However, with personal matters, we would rather have the choice to involve them or not, so please keep such things between us unless I say it’s okay to share it with someone else. (My husband) and I of course will be just as careful with personal things that you share with us.
We appreciate your several ideas to help (our son), but as I hope you already understand, teaching him to become a Christian is not what we wish. We’re teaching him to think carefully for himself and to make his own well-considered decisions in life, including making up his own mind about religion. You have been very accepting of me despite the difference in our beliefs, and I want to continue to be accepting of you. I hope that we can stay as close and comfortable as we’ve been.
Something gentle like this might work, might not, or might work partially. When dealing with someone who is doing an annoying thing, people have their own preferences about tact versus frankness, and so people will apply them differently, or apply only one. There are no foolproof methods.
If a pair of tweezers will do a job, then there’s no need for a sledgehammer. I tend to prefer an escalating series of responses, giving a tactful request the first try, before moving on to a frank instruction, and if that fails, a pointed demand. That way, the person who is doing the annoying thing cannot claim that I didn’t give them fair warning before coming down hard on them. If you and your sister-in-law can be friends who have reached an understanding, that’s better than being enemies who have reached the end of their patience.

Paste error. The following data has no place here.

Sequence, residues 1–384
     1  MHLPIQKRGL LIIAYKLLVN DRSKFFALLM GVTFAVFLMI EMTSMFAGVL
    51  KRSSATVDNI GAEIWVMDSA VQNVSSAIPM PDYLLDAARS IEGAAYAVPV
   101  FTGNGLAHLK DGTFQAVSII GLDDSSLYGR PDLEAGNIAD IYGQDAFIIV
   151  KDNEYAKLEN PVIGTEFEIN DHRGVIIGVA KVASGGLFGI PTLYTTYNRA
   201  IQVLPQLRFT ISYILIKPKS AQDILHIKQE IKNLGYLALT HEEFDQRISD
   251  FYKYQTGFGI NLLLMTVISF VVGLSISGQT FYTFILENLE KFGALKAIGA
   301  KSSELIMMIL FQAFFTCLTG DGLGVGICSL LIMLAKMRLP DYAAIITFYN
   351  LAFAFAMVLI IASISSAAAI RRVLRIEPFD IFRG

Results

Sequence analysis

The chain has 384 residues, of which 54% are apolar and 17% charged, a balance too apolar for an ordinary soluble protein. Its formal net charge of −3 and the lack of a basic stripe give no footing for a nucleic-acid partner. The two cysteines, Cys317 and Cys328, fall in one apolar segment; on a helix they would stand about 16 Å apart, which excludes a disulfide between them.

I think you and your husband are doing an excellent job of parenting your son. He sounds like a sensitive and thoughtful boy, and he’s lucky to have both of you. Try simple things like arranging for a neighbor to come over to visit with just one of their children. That way your son is on his own turf, and he might feel more at ease sharing his own toys and games with just one kid while you and the other adult are chatting close by. Then depending on the result, at another time try having another child visit. This will give your son a gradual easing into the neighborhood without the intimidating prospect of having to meet and trying to be accepted by everyone all at once. With the combination of the right professional help and your encouragement to think for himself and believe in himself, I think it’s very likely that he will adjust to his new social environment, and he will become confident and happy.